Changing terms of trade
Javier Quijano, senior manager international trade, EY, told delegates that “we have never seen so many trade disruptions at the same time”, adding that out of all industries automotive is the “most impacted”.
Regarding the ongoing investigation into whether automotive parts and vehicle imports can be said to threaten US security, Quijano pointed out that the Trump administration has until May 18 this year to determine whether further action will be required.
Quijano also highlighted the more drastic 301 duties on China, which focus on Chinese intellectual property violations. Although automotive parts are not specifically targeted, numerous products including DC motors, antennas and electronic integrated circuits are commonly used by the automotive sector.
He pointed out that China had countered the steel and aluminium tariffs imposed by the US with 125% duties on 128 items, amounting to $2.7billion worth, and said he believed the country was “set to challenge future tariffs or trade war sanctions from the US”.
Suggesting ways of mitigating the impact of the China-US trade war, Quijano mentioned relocating available production to secondary non-China facilities, if available, as well as changing the location of manufacturing, but admitted this could take “years”.
Regarding the United States-Mexico-Canada agreement (USMCA), Quijano said the current status was that the US, Canada and Mexico were all “putting out roadblocks”. Quijano pointed out that both Mexico and Canada want to be exempt from the 232 steel and aluminium tariffs, suggesting the situation was at a standstill.
However, Mexico was due to vote on its labour provision this month, which would check off one of its commitments under the replacement deal for the North American Free Trade Agreement (Nafta). The labour regulation would completely overhaul the country’s existing union structure, which has long been criticised for failing to protect workers.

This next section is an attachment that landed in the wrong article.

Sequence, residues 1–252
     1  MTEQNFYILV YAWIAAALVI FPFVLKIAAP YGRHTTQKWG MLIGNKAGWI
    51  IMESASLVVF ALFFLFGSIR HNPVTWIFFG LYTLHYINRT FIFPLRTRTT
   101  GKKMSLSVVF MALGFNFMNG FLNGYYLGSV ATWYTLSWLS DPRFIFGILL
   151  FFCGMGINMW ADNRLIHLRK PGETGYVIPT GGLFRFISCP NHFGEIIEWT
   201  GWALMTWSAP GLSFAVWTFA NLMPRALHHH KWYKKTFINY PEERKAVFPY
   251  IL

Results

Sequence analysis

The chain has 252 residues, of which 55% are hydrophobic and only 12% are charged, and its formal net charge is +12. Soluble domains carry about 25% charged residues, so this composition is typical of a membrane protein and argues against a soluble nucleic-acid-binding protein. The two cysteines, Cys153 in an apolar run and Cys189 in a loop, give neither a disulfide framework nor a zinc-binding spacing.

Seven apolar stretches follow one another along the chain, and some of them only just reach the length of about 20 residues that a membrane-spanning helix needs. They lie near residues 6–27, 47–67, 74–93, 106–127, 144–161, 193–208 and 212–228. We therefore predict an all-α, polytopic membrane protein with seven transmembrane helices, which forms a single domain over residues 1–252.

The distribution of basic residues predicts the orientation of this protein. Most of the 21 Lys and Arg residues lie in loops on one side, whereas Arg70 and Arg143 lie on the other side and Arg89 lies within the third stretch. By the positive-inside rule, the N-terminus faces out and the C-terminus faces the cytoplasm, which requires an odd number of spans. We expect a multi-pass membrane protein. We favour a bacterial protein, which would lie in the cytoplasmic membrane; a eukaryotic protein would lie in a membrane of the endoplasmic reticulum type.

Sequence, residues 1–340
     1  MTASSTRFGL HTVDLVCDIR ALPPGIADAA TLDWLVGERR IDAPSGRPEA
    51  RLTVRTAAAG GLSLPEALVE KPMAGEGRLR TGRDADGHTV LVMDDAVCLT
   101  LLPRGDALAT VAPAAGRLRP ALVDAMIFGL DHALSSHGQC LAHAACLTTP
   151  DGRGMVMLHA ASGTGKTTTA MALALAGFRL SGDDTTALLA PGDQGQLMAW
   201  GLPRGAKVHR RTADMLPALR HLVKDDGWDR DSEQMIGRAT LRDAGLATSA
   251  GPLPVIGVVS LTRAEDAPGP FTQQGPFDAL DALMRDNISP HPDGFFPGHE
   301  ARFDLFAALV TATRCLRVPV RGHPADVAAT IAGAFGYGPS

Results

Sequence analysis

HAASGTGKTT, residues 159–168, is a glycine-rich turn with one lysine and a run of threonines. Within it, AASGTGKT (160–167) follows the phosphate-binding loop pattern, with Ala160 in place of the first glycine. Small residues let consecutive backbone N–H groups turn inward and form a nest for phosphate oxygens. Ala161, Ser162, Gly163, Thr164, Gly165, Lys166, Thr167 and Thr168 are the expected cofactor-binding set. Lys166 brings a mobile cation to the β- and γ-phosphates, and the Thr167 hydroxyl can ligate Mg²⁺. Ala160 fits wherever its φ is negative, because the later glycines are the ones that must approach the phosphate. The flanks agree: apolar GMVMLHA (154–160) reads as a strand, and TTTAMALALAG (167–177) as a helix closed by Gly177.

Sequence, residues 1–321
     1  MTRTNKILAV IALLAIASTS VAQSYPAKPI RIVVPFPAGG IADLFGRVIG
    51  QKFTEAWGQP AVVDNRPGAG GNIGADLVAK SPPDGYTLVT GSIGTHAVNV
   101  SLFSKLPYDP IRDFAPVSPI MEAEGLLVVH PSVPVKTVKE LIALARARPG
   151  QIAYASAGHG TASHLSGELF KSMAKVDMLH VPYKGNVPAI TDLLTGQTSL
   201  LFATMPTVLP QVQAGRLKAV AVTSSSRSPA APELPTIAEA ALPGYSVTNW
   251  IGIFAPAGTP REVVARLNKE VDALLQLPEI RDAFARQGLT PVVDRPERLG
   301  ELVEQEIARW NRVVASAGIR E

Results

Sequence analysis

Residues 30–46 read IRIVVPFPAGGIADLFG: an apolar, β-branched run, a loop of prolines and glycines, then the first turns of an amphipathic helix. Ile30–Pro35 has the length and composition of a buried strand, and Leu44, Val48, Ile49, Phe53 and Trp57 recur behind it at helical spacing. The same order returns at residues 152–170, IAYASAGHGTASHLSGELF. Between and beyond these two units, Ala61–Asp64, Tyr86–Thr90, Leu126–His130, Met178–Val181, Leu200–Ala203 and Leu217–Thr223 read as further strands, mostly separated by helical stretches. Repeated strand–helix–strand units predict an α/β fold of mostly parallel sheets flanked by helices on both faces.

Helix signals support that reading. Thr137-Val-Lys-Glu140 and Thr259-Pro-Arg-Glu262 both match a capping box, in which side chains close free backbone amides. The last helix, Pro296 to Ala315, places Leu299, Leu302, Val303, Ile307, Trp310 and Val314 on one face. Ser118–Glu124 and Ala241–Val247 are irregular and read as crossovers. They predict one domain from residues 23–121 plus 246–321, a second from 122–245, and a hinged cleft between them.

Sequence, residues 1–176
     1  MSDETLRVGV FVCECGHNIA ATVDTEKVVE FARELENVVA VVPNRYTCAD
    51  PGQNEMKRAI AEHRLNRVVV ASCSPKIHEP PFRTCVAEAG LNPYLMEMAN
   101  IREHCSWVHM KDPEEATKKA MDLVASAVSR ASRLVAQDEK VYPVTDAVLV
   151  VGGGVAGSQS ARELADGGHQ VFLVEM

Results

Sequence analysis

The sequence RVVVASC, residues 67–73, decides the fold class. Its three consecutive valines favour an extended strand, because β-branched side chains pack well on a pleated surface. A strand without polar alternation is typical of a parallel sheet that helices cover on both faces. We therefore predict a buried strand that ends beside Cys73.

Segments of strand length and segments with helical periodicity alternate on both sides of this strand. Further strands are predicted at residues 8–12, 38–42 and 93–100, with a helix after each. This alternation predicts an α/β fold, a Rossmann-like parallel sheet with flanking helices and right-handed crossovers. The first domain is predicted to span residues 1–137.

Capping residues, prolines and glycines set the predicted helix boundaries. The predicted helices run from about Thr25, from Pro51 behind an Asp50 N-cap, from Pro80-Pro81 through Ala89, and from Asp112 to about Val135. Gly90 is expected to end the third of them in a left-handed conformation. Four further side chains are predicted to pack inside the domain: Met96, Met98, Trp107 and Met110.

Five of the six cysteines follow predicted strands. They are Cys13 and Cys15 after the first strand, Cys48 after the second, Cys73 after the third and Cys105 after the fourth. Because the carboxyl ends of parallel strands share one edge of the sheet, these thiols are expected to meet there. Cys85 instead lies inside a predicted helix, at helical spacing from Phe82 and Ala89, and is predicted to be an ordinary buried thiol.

Charles Franklin, manager export logistics, American Honda, warned that if regulations became too restrictive, OEMs including Toyota and Honda, which have 44 and 20 plants outside Nafta countries respectively, would “produce elsewhere”.
New technological capabilities
Finished vehicle logistics has not always been the fastest to adapt to new technology, but the Internet of Things, vehicle connectivity, cloud systems and data analytics are helping to improve tracking and ETA, plus carrier and capacity management across the outbound supply chain.
John Felitto, president and chief executive, Wallenius Wilhelmsen Solutions (WWS), suggested that the mobility revolution is happening so fast “we don’t know what direction we’re going [in]”.
Felitto highlighted the “four mega trends dominating the industry” as: mobility as a service; urbanisation, autonomy and connectivity; digital servicing and experience; and the green economy. He said digital solutions were reforming the car purchasing process as well as aftermarket service, and emphasised the importance of growing the latter for ride sharing companies.
The company is developing track-and-trace capabilities to support the visibility needs of finished automotive logistics and is now testing passive and active RFID tags which offer a “brand new level of visibility” that can reveal where cars are parked, Felitto said.